The goal of estate planning is to provide security for your family’s future, by creating a comprehensive, customized plan for your assets. A revocable trust is one of many valuable options for estate planning. As with most things, however, the plan may need to change, as your financial situation or family dynamic changes. So, if you are wondering: you change your trust when the time comes, You actually have several options.
Why revocable trusts are useful
One great benefit of a revocable trust is that it can be modified at any time, during your life. In fact, whenever your circumstances change, it is a good idea to review your trust and make any revisions that are necessary. It is this flexibility that makes a revocable living trust an extremely useful estate planning tool.
Ways to modify a revocable trust
Making changes to a revocable trust does not have to be a complicated process. There are basically three methods: amendment, restatement or revocation. Revocation is not technically a modification, but it is still a way to change the terms of an existing trust. No matter which method you choose, there are certain laws that may affect whether or not your changes are valid. So, be sure to consult with an estate planning attorney in your state to make sure your changes will be valid.
Modifying your trust by amendment
There can be some situations where an amendment is all you need. For example, if you get married or have a baby, an amendment that adds new provisions for the new additions to your family will likely be sufficient. Adding new property to your trust, or changing your beneficiaries can also be accomplished quite easily with an amendment.
In some cases, revocation may be a better option
On the other hand, if the revisions you are considering will be complex or extensive, it may be a better idea to simply revoke the trust entirely and draft an entirely new one. By revoking the original trust and starting over, it will be easier to ensure your new terms are clear and accurate. The main drawback, however, is that you will need to once again go through the hassle of transferring certain property to the new trust.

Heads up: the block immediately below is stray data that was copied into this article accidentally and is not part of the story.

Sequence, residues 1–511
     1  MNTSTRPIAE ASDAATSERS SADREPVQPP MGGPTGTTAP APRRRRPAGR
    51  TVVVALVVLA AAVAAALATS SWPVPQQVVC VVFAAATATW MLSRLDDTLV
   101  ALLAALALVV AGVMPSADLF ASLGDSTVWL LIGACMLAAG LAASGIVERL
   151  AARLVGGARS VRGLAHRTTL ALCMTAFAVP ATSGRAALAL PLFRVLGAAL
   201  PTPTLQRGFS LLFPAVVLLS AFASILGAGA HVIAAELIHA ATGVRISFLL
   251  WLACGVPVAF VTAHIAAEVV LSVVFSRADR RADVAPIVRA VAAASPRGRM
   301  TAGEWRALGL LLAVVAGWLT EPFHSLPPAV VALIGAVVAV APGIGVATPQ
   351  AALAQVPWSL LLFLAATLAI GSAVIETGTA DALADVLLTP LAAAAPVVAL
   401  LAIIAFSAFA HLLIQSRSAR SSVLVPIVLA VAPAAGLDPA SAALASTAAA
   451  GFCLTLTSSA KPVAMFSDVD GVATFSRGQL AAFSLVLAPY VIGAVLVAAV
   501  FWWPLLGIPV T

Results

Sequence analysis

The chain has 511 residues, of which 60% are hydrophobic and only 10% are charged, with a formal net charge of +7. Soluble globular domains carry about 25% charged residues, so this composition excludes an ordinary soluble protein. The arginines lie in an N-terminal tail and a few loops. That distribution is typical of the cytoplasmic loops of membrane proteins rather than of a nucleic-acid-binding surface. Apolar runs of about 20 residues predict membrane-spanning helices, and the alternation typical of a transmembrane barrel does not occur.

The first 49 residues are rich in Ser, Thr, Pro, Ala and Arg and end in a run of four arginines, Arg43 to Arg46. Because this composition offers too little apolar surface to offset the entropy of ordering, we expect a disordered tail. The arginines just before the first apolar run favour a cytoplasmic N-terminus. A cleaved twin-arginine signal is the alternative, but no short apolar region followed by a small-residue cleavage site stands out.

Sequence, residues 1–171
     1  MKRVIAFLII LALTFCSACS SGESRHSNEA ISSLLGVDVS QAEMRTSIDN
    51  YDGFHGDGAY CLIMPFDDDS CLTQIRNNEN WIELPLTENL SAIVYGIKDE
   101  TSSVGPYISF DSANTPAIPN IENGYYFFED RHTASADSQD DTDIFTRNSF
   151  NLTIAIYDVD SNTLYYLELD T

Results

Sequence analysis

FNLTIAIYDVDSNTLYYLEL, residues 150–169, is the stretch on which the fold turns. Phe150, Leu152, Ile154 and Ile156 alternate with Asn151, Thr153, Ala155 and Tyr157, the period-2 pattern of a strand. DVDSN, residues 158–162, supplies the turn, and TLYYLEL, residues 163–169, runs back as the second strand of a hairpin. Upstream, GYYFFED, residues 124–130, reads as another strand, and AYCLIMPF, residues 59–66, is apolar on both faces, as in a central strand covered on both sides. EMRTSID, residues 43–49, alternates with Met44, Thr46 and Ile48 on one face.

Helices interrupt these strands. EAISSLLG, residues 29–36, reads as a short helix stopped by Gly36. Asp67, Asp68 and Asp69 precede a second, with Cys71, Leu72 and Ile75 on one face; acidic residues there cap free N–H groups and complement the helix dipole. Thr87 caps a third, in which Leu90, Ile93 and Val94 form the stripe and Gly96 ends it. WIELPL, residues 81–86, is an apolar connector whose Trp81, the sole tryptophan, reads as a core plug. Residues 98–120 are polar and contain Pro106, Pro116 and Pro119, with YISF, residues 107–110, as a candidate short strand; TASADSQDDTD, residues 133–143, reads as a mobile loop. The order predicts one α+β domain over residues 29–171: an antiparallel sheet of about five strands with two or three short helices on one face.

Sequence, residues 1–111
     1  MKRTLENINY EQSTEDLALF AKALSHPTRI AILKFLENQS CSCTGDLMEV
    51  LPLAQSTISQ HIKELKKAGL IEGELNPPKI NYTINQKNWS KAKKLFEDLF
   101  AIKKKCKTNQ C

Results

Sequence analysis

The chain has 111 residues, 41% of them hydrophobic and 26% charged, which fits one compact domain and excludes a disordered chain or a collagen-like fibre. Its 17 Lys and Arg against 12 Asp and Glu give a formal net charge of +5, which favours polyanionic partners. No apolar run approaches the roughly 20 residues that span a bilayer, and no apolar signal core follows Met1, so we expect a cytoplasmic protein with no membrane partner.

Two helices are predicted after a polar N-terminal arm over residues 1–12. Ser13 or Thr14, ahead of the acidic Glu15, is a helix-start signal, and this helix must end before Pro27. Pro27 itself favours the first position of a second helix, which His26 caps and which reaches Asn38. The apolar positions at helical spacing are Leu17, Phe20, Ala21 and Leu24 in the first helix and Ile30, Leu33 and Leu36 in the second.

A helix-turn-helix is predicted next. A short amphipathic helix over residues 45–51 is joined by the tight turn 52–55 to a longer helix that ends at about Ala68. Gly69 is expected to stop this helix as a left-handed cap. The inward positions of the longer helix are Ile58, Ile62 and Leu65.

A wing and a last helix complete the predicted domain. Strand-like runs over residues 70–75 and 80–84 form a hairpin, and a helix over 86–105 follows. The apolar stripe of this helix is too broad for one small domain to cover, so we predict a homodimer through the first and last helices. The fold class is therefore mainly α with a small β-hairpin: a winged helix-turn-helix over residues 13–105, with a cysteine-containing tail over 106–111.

Creating a restatement of your trust
Amending your trust once, can be an easy way to modify its terms. However, if you add too many amendments, it can get confusing. Another option is to restate the existing trust, without revoking it entirely. This way, you only need to include the changes you need to make, while retaining the original date of the trust. You will not need to re-transfer your trust property, which saves money and hassle. In fact, restating a trust is a very simple process. You need only state that the trust is a restatement of the original, and indicate that the original terms of the trust remain in force, with the exception of the new terms.
If you have questions regarding revocable trusts, or any other estate planning needs, please contact Wilcox Attorneys, PA online or by calling us at (470) 443-0062.
- Estate Planning is Essential Whether You Are Married or Not - April 25, 2018
- Income Tax Basis in Estate Planning – Part 2 - April 23, 2018
- The Downsizing Generation: How to Handle a Surplus of Stuff When a Loved One Ages - April 18, 2018